112. 112. OPPORTUNITY ASSESSMENT PRODUCT DISCOVERY INVEST…? PORTFOLIO PLANNING
  113. 113. Tools on the Market Now Explore Wrangle Analyze Augment Sensemaking Transformation data quality computed / enriched data Cumulative Change Direction & Momentum Begin Conclude Paxata, Trifacta Beyond Core? OSS / hand rolled EID 3.x Wave 1 wrangling tools now in market No good exploration tool in market
  114. 114. Tools on the Market Now Explore Wrangle Analyze Augment Sensemaking Transformation data quality computed / enriched data Cumulative Change Direction & Momentum Begin Conclude Alteryx Datameer Modest exploration capabilities
  115. 115. Tools on the Market Now Explore Wrangle Analyze Augment Sensemaking Transformation data quality computed / enriched data Cumulative Change Direction & Momentum Begin Conclude Alteryx Modest exploration capabilities Qlik
  116. 116. Tools on the Market Now Explore Wrangle Analyze Augment Sensemaking Transformation data quality computed / enriched data Cumulative Change Direction & Momentum Begin Conclude Tableau, Platfora Wave 1 visual analysis tools now in market Modest wrangling capabilities
  117. 117. BDD 1.x? Explore Wrangle Analyze Augment Sensemaking Transformation data quality computed / enriched data Cumulative Change Direction & Momentum Begin Conclude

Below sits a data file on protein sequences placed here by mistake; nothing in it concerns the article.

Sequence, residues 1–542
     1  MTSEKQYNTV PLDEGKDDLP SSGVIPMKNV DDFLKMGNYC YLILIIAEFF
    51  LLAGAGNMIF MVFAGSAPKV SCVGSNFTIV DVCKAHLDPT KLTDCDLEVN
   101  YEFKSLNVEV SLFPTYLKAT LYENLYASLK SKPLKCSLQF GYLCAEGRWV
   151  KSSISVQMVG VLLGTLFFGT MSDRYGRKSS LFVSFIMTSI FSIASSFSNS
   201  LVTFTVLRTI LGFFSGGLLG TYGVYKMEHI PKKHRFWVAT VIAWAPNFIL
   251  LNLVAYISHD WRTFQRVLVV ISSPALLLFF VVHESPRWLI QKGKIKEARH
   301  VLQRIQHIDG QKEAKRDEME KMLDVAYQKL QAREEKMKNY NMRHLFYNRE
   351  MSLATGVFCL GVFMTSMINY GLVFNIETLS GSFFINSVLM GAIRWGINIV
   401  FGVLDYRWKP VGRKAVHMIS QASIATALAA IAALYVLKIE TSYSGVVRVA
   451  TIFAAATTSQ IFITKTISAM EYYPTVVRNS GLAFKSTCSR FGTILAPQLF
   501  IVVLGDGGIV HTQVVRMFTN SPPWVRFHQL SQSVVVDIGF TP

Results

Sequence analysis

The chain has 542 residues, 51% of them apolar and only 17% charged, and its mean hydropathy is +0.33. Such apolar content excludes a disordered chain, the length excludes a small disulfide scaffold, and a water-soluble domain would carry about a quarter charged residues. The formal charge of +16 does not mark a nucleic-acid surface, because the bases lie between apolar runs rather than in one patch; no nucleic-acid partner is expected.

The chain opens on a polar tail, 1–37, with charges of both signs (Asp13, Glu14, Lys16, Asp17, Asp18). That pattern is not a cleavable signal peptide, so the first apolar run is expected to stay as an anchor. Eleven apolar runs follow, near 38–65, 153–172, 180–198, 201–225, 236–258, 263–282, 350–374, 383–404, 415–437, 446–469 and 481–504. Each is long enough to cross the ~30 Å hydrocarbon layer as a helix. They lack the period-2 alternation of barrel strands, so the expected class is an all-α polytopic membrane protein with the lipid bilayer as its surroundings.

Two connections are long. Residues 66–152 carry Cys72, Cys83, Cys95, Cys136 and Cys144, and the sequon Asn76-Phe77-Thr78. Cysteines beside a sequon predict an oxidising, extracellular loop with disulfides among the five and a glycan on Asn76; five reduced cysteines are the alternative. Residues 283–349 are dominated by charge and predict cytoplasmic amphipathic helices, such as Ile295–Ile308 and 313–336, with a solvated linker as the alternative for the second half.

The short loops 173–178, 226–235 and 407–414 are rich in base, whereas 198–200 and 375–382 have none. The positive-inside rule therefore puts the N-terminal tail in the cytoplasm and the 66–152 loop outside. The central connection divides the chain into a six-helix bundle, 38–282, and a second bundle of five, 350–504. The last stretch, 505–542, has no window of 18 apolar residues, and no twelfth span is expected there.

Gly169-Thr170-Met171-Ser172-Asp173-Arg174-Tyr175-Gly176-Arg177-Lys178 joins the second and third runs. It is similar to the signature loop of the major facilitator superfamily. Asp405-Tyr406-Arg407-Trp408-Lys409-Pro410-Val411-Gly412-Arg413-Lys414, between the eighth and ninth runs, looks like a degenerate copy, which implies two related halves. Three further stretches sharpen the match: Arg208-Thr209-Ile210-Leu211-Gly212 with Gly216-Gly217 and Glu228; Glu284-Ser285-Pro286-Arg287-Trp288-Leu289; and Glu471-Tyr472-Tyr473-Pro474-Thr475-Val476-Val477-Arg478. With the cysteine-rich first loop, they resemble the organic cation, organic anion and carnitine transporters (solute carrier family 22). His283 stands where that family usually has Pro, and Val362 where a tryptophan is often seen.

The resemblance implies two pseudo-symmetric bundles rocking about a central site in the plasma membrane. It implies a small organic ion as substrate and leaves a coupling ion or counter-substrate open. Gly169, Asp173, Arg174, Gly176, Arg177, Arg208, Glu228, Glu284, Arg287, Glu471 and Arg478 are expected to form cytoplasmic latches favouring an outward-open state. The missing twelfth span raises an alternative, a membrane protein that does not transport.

118. 118. BDD Future 1.x? Explore Wrangle Analyze Augment Sensemaking Transformation data quality computed / enriched data Cumulative Change Direction & Momentum Begin Conclude ‘Plugable’ external tools
  119. 119. BDD Future 2.x? Explore Wrangle Analyze Augment Sensemaking Transformation data quality computed / enriched data Cumulative Change Direction & Momentum Begin Conclude
  120. 120. VISUAL DISCOVERY AND ANALYSIS TOOLS: WAVE 1 Definition: traditional discovery & analysis possible on hadoop stores Value prop = easy access to hadoop stores for analysts w/out data engineer In / coming to market now: platfora, datameer, clearstory, sisense, etc. Segment is viable (people understand the need & have the problem) Tool maturity will increase incrementally, and in customary ways alignment to workflow particulars nuanced and compelling UX broader footprint of supporting capabilities: provenance, publishing, collaboration integration with ecosystem of related tools for activity This class of tools competes with & may replace / displace existing non-hadoop native tools that are still rising with the general analytics wave: qlik, tableau, microstrategy Firms making new investments (for new stacks) will try / buy this new generation Firms extending existing investments less likely to buy new Long view = tools in this segment could ‘eat’ BI marketshare by adding reporting and other structured analytical capabilities that capture customers who do not have large BI stacks now, begin investing here, and subsequently need BI capability
  121. 121. OPPORTUNITY ASSESSMENT PRODUCT DISCOVERY INVEST…? PORTFOLIO PLANNING